No one starts a company in order to sell it for talent. But unfortunately, not everyone makes it to the Unicorn promised land, so it helps to have soft landing options available.
According to the handy folks at CB Insights, about 40 percent of the companies that raise a seed round go on to raise an A. Just over half of the A-funded companies raise a B.
At each stage in the VC funding journey, there is considerable churn from companies that can’t raise more money.
When it comes to acquihires (buying companies for talent), most of the action happens post-seed and pre-series A. This coincidentally is also the time when most startups fail to secure follow-on capital.
What’s happening now…
The current environment for acquihires has cooled off considerably from its 2014 highs. I have talked to buyers who have a taken a deliberate strategy of waiting out their target’s runway. They may be interested in your business, but they know that you’re burning cash. With the Series A crunch alive and well, these buyers believe that if they just wait, you will be out of cash and therefore much cheaper to buy. In the extreme case, they may want to just hire your team rather than buy it.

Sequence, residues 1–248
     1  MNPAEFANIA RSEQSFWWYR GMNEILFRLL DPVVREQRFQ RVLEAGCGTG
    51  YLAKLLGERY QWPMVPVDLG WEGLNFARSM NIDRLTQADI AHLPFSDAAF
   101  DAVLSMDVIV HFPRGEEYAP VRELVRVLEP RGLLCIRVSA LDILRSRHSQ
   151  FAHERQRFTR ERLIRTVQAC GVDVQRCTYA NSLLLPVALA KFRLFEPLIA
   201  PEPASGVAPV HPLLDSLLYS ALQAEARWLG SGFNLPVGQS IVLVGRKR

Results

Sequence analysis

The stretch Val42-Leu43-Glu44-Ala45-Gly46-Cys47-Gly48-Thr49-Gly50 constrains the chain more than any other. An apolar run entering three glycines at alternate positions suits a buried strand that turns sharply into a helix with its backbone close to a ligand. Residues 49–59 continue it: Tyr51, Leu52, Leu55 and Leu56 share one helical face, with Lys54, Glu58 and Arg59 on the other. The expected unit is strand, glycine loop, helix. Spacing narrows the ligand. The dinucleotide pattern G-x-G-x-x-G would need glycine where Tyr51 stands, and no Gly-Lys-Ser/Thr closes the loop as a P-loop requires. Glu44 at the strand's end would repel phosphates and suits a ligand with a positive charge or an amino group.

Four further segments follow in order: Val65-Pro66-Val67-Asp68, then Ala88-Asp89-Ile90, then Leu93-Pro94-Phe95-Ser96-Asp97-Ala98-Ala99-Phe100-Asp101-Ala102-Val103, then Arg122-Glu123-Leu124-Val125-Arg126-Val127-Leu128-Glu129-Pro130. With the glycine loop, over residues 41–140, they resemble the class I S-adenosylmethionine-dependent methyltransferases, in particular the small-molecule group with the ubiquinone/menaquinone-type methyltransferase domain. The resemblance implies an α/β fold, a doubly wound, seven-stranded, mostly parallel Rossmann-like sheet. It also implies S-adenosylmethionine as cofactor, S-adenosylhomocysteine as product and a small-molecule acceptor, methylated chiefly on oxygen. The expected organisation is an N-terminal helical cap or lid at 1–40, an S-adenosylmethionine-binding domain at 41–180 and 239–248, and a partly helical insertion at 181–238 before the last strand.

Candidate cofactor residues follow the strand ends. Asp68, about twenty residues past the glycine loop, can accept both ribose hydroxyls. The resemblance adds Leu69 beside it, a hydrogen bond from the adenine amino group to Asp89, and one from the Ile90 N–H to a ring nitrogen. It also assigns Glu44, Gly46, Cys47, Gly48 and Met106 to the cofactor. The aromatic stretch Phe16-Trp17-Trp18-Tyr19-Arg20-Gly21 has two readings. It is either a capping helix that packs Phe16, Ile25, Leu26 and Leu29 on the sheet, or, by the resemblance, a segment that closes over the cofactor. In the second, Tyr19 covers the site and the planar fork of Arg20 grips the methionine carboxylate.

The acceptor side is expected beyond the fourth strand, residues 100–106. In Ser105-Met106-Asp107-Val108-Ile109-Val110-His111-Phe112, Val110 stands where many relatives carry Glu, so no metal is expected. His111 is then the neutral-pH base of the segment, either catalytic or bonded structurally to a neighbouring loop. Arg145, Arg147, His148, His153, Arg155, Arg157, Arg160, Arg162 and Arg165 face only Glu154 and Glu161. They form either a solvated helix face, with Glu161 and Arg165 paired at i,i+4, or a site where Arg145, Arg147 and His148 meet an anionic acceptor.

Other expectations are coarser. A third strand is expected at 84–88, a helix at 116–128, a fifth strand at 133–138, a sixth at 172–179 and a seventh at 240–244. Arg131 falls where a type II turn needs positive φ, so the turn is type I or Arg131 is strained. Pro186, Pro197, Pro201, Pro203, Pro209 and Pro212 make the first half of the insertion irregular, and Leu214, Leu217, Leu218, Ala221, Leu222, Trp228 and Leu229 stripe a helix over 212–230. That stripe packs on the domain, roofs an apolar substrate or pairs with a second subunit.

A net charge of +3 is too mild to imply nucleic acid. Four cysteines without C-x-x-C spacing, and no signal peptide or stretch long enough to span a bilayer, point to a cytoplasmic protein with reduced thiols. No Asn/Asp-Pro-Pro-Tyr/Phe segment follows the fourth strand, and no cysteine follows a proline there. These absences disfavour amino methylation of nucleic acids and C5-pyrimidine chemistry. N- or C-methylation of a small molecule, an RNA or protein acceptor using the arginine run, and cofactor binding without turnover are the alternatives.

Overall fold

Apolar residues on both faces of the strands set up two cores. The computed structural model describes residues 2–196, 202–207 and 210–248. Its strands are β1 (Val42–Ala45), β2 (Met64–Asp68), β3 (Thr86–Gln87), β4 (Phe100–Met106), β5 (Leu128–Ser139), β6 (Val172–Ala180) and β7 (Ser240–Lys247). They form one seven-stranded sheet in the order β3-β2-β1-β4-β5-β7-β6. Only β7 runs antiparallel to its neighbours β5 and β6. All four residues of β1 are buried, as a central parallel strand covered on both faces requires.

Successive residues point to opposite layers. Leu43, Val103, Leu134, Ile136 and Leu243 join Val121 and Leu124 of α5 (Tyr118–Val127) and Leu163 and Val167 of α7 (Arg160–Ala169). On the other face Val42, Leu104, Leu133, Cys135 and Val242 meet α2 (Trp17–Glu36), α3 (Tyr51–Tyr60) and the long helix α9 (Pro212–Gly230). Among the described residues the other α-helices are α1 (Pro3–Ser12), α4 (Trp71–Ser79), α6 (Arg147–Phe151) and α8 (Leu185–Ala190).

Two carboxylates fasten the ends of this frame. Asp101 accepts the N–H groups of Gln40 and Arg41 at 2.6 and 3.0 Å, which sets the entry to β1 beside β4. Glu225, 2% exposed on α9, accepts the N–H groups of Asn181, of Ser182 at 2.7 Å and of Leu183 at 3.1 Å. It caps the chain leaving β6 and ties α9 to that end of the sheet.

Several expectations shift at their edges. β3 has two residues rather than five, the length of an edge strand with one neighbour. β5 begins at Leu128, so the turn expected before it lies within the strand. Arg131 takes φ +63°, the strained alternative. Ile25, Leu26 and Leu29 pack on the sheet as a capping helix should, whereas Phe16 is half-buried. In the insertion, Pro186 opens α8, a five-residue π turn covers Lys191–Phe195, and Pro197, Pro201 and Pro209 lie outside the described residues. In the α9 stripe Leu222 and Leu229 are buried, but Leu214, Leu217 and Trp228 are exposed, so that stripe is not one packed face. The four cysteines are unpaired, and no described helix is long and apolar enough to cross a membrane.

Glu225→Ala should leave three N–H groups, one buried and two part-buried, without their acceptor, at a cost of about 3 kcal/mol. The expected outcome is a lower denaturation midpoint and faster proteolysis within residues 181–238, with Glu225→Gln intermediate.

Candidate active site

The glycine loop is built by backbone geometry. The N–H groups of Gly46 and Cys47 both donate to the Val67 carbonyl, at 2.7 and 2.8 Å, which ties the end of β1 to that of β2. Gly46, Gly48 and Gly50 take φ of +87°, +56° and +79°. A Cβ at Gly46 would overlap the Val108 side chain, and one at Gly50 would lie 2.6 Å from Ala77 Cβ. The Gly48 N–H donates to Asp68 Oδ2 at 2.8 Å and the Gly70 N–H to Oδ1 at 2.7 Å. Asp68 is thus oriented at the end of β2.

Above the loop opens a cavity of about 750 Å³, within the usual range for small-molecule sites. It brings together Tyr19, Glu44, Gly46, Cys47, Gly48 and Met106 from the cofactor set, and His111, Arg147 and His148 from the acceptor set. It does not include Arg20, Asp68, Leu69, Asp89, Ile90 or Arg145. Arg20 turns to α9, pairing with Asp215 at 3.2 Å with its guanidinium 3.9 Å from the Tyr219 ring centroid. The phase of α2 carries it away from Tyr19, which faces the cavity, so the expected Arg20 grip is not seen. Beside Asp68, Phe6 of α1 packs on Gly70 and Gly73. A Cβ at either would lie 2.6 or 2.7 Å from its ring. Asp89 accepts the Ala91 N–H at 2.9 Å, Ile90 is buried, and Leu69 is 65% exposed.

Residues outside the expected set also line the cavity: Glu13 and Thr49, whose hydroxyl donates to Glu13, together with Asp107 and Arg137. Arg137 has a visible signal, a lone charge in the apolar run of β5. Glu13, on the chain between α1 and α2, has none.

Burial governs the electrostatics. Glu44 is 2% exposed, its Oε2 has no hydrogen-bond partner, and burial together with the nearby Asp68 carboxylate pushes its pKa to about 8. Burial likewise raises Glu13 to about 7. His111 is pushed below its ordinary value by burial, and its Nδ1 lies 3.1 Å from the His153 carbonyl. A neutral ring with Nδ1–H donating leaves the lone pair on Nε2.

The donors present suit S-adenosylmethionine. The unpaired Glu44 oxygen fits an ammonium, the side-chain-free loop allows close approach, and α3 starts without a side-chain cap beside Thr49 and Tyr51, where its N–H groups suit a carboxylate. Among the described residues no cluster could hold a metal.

How to create your soft landing
The path to an acquihire is similar to the path to any kind of exit. You need to build the relationships before you need them. With acquihires specifically, that means that you need to get to know product leaders inside potential buyers. If the product managers there see that you have built a great product team, and your team is aligned with the culture of the buyers’ team, then they may very well be interested in picking you up.
As I said, no one starts a company to end up in an acquihire, but these deals can deliver some financial return and a chance to keep your team together. In the best cases, that team will continue working on its vision, just in a new home.
This article was syndicated with permission from Mark MacLeod’s Real Exits.